Trial quality, bias may diminish value of methylphenidate for ADHD
A recent clinical review in JAMA reported that evidence supporting the use of methylphenidate among adolescents for treatment of attention-deficit/hyperactivity disorder is of very low quality and should be reconsidered for future therapy guidelines.
“Methylphenidate was associated with improved teacher-reported symptoms of ADHD and general behavior and parent-reported quality of life,” Ole J. Storebø, PhD, of the child and adolescent psychiatric department at Region Zealand Psychiatry in Denmark, and colleagues wrote. “However, given the risk of bias in the included trials, and the low quality of evidence, the magnitude of improvement is uncertain.”
The researchers conducted a Cochrane review of all randomized controlled trials of methylphenidate, consisting of 38 parallel-group trials and 147 cross-over trials conducted between 1981 and 2014. There were 12,245 children aged 3 to 21 years (mean age, 9.7 years) included in these studies. Placebos were used in 175 of the trials; the other 10 had no intervention.
Results of the meta-analysis showed that methylphenidate improved teacher-rated ADHD symptoms among adolescents. Other outcomes included improvements in general behavior and parent-reported quality of life. The researchers also found that there was an increase in nonsevere adverse outcomes, including trouble sleeping and lack of appetite.
Storebø and colleagues, however, applied the Grading of Recommendations Assessment, Development and Evaluation system and determined that all of this evidence was of very low quality, due to a high risk for bias, imprecision and heterogeneity. The researchers determined each study’s integrity by identifying seven sources of bias, including how each was randomized, how allocation was concealed, how participants and personnel were masked, how outcome assessments were masked, completion of data, selective reporting and vested interest bias.
“Findings from our review suggest that the recommendations in these guidelines should be re-evaluated because of the very low quality of evidence in the included trials,” Storebø and colleagues wrote. “Randomized nocebo tablet (active placebo)-controlled, high-quality clinical trials with longer follow-up are necessary.”
In a related editorial, Philip Shaw, MD, PhD, of the National Human Genome Research Institute, wrote that while Storebø and colleagues’ review was conducted with commendable attention to detail, their conclusion may be overzealous. Shaw said many studies within the review were deemed lacking based on the presence of any form of bias; however, he noted that all bias is not equally damaging. Shaw recommended a more nuanced approach to determining and eliminating studies based on the severity of their bias.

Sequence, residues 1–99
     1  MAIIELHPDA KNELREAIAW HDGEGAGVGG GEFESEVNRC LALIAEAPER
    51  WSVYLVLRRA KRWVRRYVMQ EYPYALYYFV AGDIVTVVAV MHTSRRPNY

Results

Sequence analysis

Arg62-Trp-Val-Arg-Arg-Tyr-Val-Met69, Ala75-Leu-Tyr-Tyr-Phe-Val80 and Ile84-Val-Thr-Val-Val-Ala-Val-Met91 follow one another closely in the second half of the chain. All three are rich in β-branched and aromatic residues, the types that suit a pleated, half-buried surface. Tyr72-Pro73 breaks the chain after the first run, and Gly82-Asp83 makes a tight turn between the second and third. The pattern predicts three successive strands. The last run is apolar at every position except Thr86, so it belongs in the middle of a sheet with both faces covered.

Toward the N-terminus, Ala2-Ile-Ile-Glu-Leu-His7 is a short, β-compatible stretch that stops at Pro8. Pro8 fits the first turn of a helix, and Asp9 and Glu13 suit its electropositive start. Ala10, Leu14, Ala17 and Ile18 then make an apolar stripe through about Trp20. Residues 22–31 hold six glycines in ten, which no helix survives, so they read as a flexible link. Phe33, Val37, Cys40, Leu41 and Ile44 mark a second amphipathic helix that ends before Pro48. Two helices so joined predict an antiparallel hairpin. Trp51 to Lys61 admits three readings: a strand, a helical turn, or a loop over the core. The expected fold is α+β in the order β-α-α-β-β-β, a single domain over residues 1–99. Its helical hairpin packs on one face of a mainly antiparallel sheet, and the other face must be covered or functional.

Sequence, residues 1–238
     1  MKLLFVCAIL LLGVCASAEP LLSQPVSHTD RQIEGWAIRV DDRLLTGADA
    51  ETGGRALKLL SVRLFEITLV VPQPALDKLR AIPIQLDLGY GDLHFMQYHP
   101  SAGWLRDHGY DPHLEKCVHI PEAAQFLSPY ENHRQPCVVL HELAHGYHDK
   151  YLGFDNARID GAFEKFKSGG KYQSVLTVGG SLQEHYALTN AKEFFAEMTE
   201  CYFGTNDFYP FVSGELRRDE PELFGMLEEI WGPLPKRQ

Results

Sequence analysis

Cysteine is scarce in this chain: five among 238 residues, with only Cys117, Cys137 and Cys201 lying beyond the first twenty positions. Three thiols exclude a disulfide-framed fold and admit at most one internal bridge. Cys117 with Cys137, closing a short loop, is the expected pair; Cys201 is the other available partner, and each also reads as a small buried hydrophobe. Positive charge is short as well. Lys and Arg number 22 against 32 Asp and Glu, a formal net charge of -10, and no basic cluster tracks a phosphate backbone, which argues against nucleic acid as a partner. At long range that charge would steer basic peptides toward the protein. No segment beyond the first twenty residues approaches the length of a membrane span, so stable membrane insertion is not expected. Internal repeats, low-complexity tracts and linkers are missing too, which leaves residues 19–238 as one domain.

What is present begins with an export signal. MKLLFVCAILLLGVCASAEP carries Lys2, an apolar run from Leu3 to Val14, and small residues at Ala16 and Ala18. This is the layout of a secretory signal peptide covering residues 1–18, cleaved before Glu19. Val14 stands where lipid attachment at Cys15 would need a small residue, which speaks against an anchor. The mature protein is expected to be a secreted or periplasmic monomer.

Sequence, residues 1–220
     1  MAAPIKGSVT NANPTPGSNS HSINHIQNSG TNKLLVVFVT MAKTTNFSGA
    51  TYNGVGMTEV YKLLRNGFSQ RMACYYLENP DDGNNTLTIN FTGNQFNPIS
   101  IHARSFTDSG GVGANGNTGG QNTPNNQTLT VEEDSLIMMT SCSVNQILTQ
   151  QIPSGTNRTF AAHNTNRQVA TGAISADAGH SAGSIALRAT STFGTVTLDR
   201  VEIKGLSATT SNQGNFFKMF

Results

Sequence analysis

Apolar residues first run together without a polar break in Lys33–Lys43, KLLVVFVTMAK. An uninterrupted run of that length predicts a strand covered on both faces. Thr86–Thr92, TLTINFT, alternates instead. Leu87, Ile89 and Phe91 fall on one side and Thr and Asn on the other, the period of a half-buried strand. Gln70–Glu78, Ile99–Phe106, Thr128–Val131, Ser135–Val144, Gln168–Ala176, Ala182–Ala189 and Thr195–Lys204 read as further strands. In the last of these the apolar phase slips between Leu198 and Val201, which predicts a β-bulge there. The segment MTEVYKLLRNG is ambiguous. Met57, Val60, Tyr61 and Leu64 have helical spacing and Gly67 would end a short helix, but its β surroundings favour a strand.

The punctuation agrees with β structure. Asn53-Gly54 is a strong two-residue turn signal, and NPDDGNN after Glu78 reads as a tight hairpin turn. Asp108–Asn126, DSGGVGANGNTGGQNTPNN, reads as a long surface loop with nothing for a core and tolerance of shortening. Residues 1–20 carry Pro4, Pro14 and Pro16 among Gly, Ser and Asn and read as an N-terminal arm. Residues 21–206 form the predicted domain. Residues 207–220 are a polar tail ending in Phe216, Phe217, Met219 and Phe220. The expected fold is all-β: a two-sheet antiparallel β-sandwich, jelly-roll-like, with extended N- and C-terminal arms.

“Sometimes in medicine, the best available data are imperfect,” Shaw wrote. “Such imperfections do not render the data unusable; rather, the limitations can be weighed by physicians and other health care professionals, and by families as they decide how best to help a child struggling with ADHD. Psychostimulants improve ADHD symptoms and quality of life. This meta-analysis highlights the complexities in quantifying this benefit.”
Shaw agreed with Storebø and colleagues’ recommendation for better research into the use of psychostimulants among adolescents.
“It is preferable to focus on the development of interventions that retain the benefits of methylphenidate without the associated adverse events,” Shaw wrote. “The authors’ principal recommendation is to conduct larger, longer trials that minimize bias and to report all results in a comprehensive and accessible manner. Few would disagree.”
Expert opinion mixed
According to further research published simultaneously in JAMA, current evidence supports the use of extended-release methylphenidate and other stimulant medications, such as amphetamine formulations, atomoxetine and guanfacine, among adolescents.
“Evidence suggests that both pharmacological and psychosocial treatments for adolescents with ADHD are associated with improvements in ADHD symptoms and related academic or organizational, behavioral or emotional, and functional impairments,” Eugenia Chan, MD, MPH, of the division of developmental medicine at Boston Children’s Hospital, and colleagues wrote. “Results of these adolescent-only studies are generally consistent with those conducted in other age groups, although the effective dose in adolescents may be higher than for school-aged children.”
Chan and colleagues conducted a systematic review of 16 randomized clinical trials and one meta-analysis conducted from 1999 through Jan. 31. Studies included randomized trials of ADHD treatments among 2,668 adolescents aged 12 to 18 years. The researchers evaluated the quality of psychosocial treatment and pharmacological treatment for each study.
The evidence of efficacy was strongest for methylphenidate, amphetamine and atomoxetine treatments, the investigators wrote. They also stated that evidence was not as strong for the efficacy of guanfacine or clonidine, despite FDA approval for their use in adolescents.
Chan and colleagues agreed that future research should address the deficit in data regarding treatment effectiveness and adverse outcomes among adolescents.
“Future ADHD research must include study participants who are in the adolescent age range,” they wrote. “Additional treatment studies in adolescents, including combined pharmacological and psychosocial treatments, are needed.” – by David Costill
Disclosures: Storebø and Shaw report no relevant financial disclosures; Chan reports receiving peer reviewer royalties from UpToDate for ADHD-related content. See the full study for a list of all other authors’ relevant financial disclosures.